Orlando Airport’s Cinderella-Like Evolution

Photo provided by Ian McMurtry

Whenever the Orlando City Soccer Club play a match outside of Orlando, the chant used by opposing fans is usually “your city’s a theme park.” However, it is this characteristic of the Orlando area that has created a sort of rags to riches tale for the Orlando International Airport (MCO). From a small local airport to international gateway, the evolution of Orlando International Airport is extremely unique.

The Past

As the jet age started, Orlando Municipal Airport operated as the main airport for Orlando at what is present day Orlando Executive Airport while what would become Orlando International Airport was McCoy Air Force Base. The jet age was a problem for Orlando with the Boeing 707 being too large for the small 6000 ft runway at ORL, and the passenger terminal already seeing the strains of some success and increased passenger loads. By the 1960s, the city had reached an agreement with McCoy Air Force Base to utilize part of the airfield as a commercial airport while the military would operate the rest. The city would pay to rebuild any Air Force building that would be demolished when the airport would open, allowing the military to still fully utilize the airport. The airport opened to commercial traffic in 1964, with a former military hangar becoming a makeshift home for the three airlines that operated to Orlando; Delta, Eastern and National Airlines. The commercial side of the airfield also became the Orlando JetPort at McCoy, while Orlando Municipal Airport became Orlando Executive Airport.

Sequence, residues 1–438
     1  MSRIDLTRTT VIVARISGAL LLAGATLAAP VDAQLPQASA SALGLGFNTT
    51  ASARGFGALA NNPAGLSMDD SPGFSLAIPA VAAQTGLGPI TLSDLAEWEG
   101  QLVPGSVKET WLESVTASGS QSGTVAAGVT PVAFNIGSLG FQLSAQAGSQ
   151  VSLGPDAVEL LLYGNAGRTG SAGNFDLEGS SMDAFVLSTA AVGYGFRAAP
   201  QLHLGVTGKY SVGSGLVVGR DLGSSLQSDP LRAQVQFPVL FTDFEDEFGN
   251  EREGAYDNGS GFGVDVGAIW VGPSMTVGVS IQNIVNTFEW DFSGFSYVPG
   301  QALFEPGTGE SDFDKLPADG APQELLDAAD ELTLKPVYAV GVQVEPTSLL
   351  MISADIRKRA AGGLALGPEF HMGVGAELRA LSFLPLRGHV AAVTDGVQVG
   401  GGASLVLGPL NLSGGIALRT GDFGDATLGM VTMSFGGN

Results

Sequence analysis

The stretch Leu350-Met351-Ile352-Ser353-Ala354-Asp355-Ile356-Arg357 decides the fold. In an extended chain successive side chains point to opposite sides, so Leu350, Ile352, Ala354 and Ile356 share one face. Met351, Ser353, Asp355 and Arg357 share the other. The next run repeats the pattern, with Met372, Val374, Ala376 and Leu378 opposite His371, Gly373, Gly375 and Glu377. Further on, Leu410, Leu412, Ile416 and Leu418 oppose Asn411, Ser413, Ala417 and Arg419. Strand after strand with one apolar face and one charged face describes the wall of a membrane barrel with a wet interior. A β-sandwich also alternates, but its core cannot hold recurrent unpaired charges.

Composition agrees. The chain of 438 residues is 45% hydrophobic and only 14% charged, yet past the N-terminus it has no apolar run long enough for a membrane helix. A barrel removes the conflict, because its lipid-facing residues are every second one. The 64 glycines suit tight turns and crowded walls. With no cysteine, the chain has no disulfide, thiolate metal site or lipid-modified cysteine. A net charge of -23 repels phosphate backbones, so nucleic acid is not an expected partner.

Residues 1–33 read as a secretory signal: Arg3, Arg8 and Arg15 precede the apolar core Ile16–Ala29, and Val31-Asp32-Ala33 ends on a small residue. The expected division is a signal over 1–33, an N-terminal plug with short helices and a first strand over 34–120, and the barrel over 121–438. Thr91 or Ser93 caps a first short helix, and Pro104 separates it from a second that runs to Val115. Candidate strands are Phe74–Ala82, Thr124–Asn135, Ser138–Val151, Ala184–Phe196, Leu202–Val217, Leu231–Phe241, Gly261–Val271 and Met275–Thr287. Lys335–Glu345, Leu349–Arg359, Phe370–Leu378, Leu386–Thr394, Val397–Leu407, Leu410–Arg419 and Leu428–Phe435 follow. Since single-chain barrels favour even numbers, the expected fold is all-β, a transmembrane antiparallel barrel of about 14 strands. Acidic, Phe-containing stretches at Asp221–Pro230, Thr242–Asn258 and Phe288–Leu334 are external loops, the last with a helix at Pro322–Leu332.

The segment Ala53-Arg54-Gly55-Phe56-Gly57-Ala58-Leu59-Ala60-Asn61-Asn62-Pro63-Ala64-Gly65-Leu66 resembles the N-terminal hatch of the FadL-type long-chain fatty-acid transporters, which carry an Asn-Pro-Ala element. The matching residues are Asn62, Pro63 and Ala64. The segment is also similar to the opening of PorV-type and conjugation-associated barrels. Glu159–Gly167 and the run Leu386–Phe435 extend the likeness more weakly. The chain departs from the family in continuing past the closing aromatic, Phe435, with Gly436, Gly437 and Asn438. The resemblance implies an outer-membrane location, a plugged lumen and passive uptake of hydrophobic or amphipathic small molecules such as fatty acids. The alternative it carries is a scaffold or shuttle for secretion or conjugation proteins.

The airport stabilized during the 1960s, however, the arrival of two theme parks in the early 1970s (The Walt Disney World Resort and SeaWorld) immediately caused a spike in traffic. Eastern Airlines became the official airline of the Walt Disney World Resort and for a short time considered leaving MCO for a proposed airport on Disney property. Regional carriers like Shawnee Airlines rose quickly by offering regional flights on DeHavilland DHC-6 Twin Otters which flew to an on park property airport near the Magic Kingdom. The airport saw a significant rise in aircraft size, with the narrowbody aircraft being swapped for widebodies to meet surging demand.

To meet with the rise in demand, plans were started to create a new terminal and move away from the airport hangar and terminal in place at the time. The airport has planned to have each airline operate in separate terminals, either by an airside/landside terminal or a curvilinear design similar to the one being constructed at Kansas City International Airport at the time. While plans were being made for a new terminal, Orlando also started adding a single story concourse to the existing terminal to allow for some expansion while plans were being made for a larger terminal.